6. The Licensee agrees to keep with the Licensor the sum of Rs.75,00,000/- as security deposit, interest free, which will be refundable to the Licensee on vacating the subject Licensed Premises and on the Licensor being given peaceful possession thereof. The Licensor shall be entitled to deduct there from such amount as may be due to the Licensor on account of outstanding bills, repairs and replacement of furniture and fixtures, fees for overdue stay etc.
7. It is agreed that the fees shall be paid by the Licensee to the Licensor during the each month.”
7.1 The first statute which is relevant for a leave and licence is the Indian Easement Act, 1882. Section 52 of the said Act defines a „licence’ as a right granted by one person to another to do something in or upon the grantor’s immoveable property, which act would, in the absence of such a right, be unlawful. It further states that a licence must not amount to an easement or an interest in the property. Thus, a licence is only permission or a right to do something upon an immoveable property. It is solely a personal right or privilege granted to the licensee by the licensor. A licence does not confer any interest in the immoveable property. It is for this reason that a licensee cannot maintain an action for possession of the property in his own name. Thus the crux of a licence is that it is always a right or a permission and never transfers ownership of the property.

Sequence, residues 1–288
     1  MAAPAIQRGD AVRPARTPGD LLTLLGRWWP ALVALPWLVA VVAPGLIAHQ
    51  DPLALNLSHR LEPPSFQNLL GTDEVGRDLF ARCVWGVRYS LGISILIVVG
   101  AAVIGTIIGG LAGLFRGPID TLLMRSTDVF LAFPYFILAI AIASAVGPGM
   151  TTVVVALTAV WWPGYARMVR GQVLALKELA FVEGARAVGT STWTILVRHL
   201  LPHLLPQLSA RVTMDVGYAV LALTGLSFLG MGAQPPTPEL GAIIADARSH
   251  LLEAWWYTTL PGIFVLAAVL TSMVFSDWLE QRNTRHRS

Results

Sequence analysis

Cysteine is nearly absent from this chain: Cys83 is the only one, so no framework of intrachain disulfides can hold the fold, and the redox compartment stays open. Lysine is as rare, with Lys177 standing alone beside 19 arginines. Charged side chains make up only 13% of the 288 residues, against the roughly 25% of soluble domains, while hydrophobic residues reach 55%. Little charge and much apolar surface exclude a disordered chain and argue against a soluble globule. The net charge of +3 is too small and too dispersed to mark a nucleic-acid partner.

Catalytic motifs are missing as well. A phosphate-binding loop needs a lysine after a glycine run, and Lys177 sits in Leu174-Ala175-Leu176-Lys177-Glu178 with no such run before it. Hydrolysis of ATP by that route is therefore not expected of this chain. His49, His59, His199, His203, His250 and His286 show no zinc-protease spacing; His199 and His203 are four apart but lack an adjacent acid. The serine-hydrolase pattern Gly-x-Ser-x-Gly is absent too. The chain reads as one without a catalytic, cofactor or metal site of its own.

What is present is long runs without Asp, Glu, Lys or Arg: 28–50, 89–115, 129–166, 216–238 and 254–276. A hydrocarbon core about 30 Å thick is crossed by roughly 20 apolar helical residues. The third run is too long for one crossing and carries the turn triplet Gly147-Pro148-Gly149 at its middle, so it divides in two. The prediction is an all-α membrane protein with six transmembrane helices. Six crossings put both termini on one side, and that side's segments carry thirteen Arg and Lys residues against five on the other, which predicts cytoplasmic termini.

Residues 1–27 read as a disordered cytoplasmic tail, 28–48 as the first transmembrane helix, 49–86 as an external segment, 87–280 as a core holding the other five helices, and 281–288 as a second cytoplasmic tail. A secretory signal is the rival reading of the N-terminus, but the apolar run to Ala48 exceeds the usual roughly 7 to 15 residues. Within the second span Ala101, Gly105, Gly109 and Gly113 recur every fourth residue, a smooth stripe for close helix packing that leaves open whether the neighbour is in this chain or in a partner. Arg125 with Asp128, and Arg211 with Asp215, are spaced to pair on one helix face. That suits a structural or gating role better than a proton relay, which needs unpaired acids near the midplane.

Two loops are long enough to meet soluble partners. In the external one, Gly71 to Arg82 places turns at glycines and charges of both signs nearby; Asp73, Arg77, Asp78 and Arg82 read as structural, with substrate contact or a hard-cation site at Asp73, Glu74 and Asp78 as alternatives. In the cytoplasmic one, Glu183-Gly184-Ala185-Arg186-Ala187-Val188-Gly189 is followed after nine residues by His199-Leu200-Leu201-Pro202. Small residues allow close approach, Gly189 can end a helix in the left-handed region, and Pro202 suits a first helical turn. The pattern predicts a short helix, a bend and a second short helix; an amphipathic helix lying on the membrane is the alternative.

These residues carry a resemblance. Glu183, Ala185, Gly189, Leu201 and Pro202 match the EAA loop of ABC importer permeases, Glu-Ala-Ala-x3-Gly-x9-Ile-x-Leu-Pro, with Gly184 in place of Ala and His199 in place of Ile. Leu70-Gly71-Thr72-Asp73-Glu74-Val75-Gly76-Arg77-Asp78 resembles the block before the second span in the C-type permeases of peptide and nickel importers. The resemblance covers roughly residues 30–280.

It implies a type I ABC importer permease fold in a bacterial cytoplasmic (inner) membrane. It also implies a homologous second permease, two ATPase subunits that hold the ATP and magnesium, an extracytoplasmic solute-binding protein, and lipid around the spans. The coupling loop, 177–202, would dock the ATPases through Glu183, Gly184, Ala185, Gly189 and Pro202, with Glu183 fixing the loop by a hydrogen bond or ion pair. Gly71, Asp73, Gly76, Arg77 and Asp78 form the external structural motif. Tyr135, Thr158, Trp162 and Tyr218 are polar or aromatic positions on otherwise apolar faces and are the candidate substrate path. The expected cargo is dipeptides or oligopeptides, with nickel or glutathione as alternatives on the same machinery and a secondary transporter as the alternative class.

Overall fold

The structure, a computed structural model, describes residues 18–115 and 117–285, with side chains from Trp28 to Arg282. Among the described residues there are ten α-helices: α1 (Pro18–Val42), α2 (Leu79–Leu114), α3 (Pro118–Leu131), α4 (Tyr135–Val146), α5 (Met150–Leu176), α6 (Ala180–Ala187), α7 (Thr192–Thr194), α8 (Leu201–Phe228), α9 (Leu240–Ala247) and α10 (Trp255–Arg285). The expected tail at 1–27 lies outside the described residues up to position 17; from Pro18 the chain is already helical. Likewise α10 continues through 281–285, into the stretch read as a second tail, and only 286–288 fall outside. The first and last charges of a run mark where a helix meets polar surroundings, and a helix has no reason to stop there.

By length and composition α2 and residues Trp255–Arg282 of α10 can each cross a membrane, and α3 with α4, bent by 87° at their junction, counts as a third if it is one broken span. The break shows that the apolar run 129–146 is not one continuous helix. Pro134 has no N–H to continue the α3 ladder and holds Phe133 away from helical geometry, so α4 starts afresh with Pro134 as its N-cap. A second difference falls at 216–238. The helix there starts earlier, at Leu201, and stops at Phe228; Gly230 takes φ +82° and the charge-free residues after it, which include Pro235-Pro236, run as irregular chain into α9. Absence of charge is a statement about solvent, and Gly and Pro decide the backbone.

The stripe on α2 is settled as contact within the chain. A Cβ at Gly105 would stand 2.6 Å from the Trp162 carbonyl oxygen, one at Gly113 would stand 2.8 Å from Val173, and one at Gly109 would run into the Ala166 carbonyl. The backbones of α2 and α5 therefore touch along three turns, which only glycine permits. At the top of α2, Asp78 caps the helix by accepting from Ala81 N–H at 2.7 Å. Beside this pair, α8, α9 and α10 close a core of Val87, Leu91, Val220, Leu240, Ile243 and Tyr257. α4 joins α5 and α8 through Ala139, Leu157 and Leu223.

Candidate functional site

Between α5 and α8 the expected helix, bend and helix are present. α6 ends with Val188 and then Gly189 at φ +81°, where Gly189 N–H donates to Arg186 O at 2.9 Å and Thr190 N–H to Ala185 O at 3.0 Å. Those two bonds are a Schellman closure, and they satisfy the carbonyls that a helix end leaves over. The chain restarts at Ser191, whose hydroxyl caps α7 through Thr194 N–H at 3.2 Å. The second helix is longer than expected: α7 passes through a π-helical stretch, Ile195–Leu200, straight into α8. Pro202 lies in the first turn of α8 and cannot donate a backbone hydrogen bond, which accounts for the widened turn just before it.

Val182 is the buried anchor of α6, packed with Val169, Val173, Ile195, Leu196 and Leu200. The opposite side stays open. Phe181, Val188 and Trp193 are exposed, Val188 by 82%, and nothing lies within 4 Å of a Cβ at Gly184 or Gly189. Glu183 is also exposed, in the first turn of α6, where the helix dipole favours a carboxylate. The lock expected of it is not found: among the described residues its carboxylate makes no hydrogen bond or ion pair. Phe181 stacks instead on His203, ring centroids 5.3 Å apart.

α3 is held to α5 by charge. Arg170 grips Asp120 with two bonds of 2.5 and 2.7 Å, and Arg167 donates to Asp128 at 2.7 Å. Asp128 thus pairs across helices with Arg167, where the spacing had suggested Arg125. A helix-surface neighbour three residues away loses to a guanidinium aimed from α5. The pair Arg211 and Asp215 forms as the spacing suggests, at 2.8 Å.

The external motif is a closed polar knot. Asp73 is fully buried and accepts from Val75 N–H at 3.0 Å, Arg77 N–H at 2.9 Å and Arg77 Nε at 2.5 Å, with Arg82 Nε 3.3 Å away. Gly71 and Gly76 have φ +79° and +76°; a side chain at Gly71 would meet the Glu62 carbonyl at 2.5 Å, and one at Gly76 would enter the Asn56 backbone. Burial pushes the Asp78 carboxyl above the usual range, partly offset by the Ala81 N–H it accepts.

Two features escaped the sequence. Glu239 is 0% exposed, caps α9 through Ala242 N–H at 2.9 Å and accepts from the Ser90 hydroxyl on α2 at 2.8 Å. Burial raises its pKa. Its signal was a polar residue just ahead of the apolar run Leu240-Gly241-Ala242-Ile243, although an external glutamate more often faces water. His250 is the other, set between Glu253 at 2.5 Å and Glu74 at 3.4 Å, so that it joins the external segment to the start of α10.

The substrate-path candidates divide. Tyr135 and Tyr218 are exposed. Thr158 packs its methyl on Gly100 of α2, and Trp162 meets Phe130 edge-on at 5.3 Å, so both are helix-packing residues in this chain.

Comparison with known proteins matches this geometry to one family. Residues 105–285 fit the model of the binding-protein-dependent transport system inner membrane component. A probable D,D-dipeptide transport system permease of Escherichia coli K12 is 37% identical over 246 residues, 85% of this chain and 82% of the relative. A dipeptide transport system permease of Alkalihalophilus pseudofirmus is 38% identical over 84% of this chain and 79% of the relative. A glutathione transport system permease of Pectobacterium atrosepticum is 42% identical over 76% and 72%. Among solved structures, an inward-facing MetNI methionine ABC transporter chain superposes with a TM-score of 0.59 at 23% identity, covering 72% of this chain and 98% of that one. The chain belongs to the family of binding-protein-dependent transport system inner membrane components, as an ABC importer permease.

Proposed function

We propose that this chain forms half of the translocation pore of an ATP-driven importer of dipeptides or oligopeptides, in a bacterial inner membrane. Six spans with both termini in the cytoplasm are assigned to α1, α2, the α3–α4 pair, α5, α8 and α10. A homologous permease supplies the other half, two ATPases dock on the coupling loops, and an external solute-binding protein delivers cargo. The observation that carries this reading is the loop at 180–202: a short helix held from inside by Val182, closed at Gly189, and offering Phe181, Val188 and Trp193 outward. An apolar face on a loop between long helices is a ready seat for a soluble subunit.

Under the leave and license agreement, the legal ownership and the possession of the property remains with the licensor, the assessee in the instant case.